Now I bought a book about Soviet art by John Berger and two Finnish books, Antero Järvinen's book about the cultural history of animals and Yrjö Hirn's "Island in the Ocean", the new edition to replace my old and rather crubby copy. It's a wonderful book about Robinson Crusoe, his ancestors and other relatives. It was published first in 1922 and is still one of the best literary studies made in Finland. I don't know whether it's been translated - it should be.

And then - sudden change of mood - I bought a hardcore sex Western novel by one John Savage. It's called "Ropes and Spurs" (1996) and it's a sadomasochistic novel set in a town somewhere in the Wild West. They find a canyon with a lost tribe that keeps its women tied all the time, just for the sake of being able to punish them all the time. Wild, huh? I just wonder if this John Savage is the same John Savage who wrote "A Shady Place to Die" for Dell in 1957. The Abebook seller says this:

"The only witness to the last of Mack Anderson was a lone coyote stalking the deserted cave. No one at the mining camp missed him. Who would have thought his deserted and abused wife would start looking for him now?"

I don't think so... Would you start writing hardcore porn after having written one novel 40 years ago? Maybe the man needed the money. There were other books of the same kind by Savage, so he must be churning these out by the dozen.

And then I got home, refreshed. It's always refreshing to buy porn paperbacks. The store was full of videos with women getting the creme on their face etc. The guy who runs it looks a bit sleazy. Your hands get tacky after a while and you have to get out. But I came out four books richer and only 12 euros poorer. That's not bad.

I've been forgetting to blog about books I've been buying. I went to a small book festival a week ago where the books cost only 2 euros each max. There was a bookseller with lots of English and American paperbacks for one euro each - but almost only writers like Margery Allingham! I managed to find these:

A.A. Fair: An Axe to Grind (these have been praised lately, so I decided to give them a try, hardboiled screwball comedy)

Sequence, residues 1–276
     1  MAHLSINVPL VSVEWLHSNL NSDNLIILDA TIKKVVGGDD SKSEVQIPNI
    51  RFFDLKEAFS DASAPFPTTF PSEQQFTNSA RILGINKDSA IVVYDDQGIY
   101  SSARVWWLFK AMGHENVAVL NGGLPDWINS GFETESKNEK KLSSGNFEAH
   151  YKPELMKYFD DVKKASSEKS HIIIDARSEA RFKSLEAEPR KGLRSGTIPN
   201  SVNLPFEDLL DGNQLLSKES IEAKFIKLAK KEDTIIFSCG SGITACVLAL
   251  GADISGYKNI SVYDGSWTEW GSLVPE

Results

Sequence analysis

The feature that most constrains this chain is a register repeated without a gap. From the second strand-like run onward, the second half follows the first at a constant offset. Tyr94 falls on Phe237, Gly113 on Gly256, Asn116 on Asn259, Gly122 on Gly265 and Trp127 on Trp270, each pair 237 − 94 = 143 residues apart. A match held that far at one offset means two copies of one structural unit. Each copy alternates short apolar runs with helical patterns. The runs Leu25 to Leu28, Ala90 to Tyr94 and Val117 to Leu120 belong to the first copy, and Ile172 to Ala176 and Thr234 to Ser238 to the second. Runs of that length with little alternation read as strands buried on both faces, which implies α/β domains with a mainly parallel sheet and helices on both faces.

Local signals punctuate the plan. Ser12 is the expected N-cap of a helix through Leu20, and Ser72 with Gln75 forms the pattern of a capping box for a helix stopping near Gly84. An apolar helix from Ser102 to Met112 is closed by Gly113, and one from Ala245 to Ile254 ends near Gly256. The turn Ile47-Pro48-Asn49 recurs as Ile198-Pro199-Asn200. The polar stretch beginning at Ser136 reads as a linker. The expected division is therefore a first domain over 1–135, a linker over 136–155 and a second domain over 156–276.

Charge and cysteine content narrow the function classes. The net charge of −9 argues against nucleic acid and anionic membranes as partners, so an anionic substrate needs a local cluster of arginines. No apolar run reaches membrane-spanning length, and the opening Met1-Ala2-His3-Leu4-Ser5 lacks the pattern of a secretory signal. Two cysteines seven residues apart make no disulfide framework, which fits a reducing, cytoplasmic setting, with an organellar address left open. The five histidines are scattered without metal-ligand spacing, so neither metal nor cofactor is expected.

Wilkie Collins: The Moonstone
John D. MacDonald: One Monday We Killed Them All (I'm not very fond of JDM, as almost everyone else seems to be, but this has a catchy title)
Zane Grey: The Vanishing American (a Grey title that hasn't been translated)

Earlier I visited the book shop of Åbo Akademi, the Swedish-speaking university of Turku, where they sell the double copies of the books and books they don't need. I bought for 15 cents each:

Budd Schulberg: The Harder They Fall (the classic about boxing)
Calder Willingham: End as a Man
Gore Vidal: In a Yellow Mood (these two go for my future dissertation about noir in American literature..)
James Jones: The Thin Red Line (so does this)
Christopher Isherwood: Mr. Norris Changes Trains
James T. Farrell: Bernard Carr
Amos Tutuola: the Finnish translation of "The Palm Wine Drinkard" which is a great masterpiece, highly recommended
Alistair MacLean: Fear Is the Key (hardback, no DJ; we live in hard times when I get interested in Alistair MacLean; this one has a good title, though)
Bill Adler & Thomas Chastain: Who Killed the Robins Family? (paperback novel, written by pro Chastain from the plot made by Adler who won the publisher's contest - I don't know if there are many novels of this kind)

Enough for today... I also spent some time in Imdb looking for stuff on grade Z films. Let me get back on those after a while. And remind me that I make some remarks about reading Vathek by William Beckford.

Monday, May 23, 2005

Annoying people everywhere

I'm not neurotic or paranoid in any meaning of the word (at least I hope so; my ex-wife might have something to say about this) and I get along with most of the people, but still I often feel that there are people who annoy me a great deal and I wouldn't want to have anything to do with them and still I have to.

For some reason, these people have often something to do with magazines or other media - they are editors who always seem to know what's best and clearly and loudly announce it and just won't listen to other people. Usually they have something negative to say, more than positive. It drives me crazy. I know I'm sometimes thought to be on a high horse (or what's the phrase again?) and one of my best friends has said that when he got to know me, he was a bit afraid of me, because I was so self-confident. One of Elina's friends has said the same. But it's always these same editors who get to me, get under my skin, get me to my feet. And then they think I'm difficult. Ha!

An example of a screwy editor: I heard a pretty good book critic complain that the editor of a book column wouldn't take her writings anymore, without giving a good reason. I couldn't point anything bad about the writer's reviews and she had written for the column for years (well, at least two years, but you get the idea). It must something personal - something between the editor and the writer. Which is never a passable reason to dismiss someone's writings. I wouldn't for life of mine say to a writer that I wouldn't publish anything by him/her in Isku or Pulp just because I don't like the person.

There are other examples, but I won't go into details, so that I won't lose my jobs... Actually, at the moment, I hate writing small pieces for magazines. I'd like to quit that altogether and concentrate on my books. (And Pulp on the side.) Maybe the editors I'm talking about would sigh in a relief.

Sunday, May 22, 2005

Comment change

I changed the blog's settings so that anyone can now post comments, not only those who have their own blogs. So, now I'm waiting a flood of comments from everyone! The curse of Yog-Sothoth on those who don't post comments...

Friday, May 20, 2005

Work-related news